What’s going to happen is that one city – maybe Paris? – will do this in a big way, and tourism, including by the locals, will surge upwards, in the city and on the graphs.  People will love it.  And then lots of other cities will do it.  Including London, because London has a natural pre-skyscraper height at which this will make sense, and because London is now so full of stuff that is worth seeing from this particular height..

A big reason why all this is going to happen is that it will not be all that expensive to do, one of the big reasons why pedestrian footbridges are already a major design flavour the decade being that public money is now tight, and footbridges are relatively cheap.  Designers love them, because although footbridges do not involve that much metal or timber or concrete, they do often involve a lot of design.

The picture at the top of this posting has the words “Ternes-Villiers, La Ville Multi-Strate by Jacques Ferrier” attached to it at dezeen, and I just googled those words.  And, I immediately found my way to this, here:

image

It’s not clear from this picture just how public these bridges are intended to be.  Other pictures suggest that the “community” able to use these bridges will just be the people who live in the apartment blocks thus connected.  But this doesn’t alter the fact that the general public are going to want to get involved in all this high-level fun and sightseeing (and photography), if only because it will all be so clearly visible from below.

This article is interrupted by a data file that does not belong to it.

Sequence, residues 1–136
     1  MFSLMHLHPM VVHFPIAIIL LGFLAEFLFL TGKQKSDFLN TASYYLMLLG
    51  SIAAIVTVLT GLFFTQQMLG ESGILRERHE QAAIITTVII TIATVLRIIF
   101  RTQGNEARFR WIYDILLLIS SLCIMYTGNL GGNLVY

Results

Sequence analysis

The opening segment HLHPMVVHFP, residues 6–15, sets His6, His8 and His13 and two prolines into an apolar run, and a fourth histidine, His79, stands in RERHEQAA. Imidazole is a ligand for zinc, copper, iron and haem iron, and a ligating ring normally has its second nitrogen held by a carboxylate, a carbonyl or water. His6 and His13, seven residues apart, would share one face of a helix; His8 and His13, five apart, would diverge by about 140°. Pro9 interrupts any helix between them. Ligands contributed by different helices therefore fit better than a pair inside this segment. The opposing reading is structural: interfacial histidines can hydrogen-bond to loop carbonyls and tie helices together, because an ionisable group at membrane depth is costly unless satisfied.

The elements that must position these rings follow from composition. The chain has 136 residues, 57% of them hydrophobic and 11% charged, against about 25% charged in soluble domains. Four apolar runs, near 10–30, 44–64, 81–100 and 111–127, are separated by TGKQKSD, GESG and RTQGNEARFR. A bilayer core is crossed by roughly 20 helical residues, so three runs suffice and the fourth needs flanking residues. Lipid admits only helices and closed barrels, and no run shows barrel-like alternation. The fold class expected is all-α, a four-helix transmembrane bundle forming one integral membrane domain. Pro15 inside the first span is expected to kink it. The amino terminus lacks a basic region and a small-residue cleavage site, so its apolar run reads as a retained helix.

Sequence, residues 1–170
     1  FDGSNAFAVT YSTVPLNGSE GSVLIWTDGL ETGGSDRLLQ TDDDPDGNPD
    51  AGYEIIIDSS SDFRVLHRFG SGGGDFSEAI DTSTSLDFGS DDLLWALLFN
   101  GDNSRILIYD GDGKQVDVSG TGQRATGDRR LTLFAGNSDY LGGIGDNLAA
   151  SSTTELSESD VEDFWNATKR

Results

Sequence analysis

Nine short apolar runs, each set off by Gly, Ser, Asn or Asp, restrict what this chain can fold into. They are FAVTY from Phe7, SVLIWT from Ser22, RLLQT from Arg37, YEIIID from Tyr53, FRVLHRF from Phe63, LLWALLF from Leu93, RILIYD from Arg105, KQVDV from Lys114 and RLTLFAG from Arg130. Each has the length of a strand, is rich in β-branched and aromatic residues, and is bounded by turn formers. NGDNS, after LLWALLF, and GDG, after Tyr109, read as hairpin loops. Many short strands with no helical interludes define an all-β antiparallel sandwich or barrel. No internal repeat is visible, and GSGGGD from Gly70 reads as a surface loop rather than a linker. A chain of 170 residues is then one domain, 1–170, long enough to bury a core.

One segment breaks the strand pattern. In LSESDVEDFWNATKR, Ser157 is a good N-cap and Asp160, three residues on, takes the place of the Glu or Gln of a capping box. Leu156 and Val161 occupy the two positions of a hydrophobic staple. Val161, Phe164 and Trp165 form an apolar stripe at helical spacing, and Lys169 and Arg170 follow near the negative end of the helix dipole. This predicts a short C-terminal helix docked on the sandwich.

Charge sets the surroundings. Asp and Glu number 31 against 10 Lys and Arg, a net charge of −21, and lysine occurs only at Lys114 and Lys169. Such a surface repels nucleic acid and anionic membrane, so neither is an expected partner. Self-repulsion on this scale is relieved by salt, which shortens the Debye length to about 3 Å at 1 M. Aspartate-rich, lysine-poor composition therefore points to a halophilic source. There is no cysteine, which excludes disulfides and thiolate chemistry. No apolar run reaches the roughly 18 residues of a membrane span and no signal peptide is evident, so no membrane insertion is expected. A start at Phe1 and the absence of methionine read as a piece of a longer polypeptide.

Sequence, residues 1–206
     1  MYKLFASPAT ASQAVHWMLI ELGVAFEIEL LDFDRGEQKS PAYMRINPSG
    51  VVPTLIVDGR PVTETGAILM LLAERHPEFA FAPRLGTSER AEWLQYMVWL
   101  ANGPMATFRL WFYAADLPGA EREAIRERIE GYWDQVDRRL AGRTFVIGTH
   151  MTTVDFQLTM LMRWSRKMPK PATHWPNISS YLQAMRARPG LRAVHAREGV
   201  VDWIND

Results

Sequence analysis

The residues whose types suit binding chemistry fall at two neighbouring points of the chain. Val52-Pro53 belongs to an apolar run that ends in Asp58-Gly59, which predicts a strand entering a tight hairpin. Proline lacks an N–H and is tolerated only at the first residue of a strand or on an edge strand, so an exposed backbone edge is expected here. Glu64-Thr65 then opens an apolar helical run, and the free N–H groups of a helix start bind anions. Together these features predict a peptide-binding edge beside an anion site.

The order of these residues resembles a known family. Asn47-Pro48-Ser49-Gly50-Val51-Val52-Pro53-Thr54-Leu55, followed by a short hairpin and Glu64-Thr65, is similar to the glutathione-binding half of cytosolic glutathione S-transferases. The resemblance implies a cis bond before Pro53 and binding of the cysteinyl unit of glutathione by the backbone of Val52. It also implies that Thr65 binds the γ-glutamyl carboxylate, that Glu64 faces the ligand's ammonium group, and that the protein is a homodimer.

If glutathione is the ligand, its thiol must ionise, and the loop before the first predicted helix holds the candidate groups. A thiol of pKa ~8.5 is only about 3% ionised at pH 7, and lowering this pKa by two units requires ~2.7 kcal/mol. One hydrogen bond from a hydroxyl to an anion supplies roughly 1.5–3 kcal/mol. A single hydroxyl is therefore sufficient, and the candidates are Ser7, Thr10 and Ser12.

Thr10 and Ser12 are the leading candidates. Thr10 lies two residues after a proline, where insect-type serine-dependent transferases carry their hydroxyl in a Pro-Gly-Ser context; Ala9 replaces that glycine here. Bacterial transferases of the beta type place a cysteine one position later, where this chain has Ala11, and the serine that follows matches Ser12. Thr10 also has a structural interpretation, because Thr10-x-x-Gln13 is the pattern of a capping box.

Sunday February 07 2016

On the same day I photoed this stuff, up there in …

image

…, I also photoed white vans, like these ones:

imageimage

“Rimessa a nuovo e posa pavimenti in Legno” is the Italian for having sex for the first time, very elegantly (like they’re performing), on the pavement, in a place called Legno.  No not really, I don’t know what that means.  Something to do with wood flooring.

As for th van on the right, rather black but with a giant white painted piece of seafood on it, well, I like it.  Although I do miss the times when the Wright Brothers didn’t mean that, but meant the first people to fly an airplane and land it, or whatever it was exactly that the original Wright Brothers did.

Here, on the other hand, is a white van of the sort you don’t want to see:

image

Graffiti, badly covered up or badly cleaned up, and then more graffiti.  Not good.  I have never seen a white van that was an graffiti battlefield before.  Graffighting?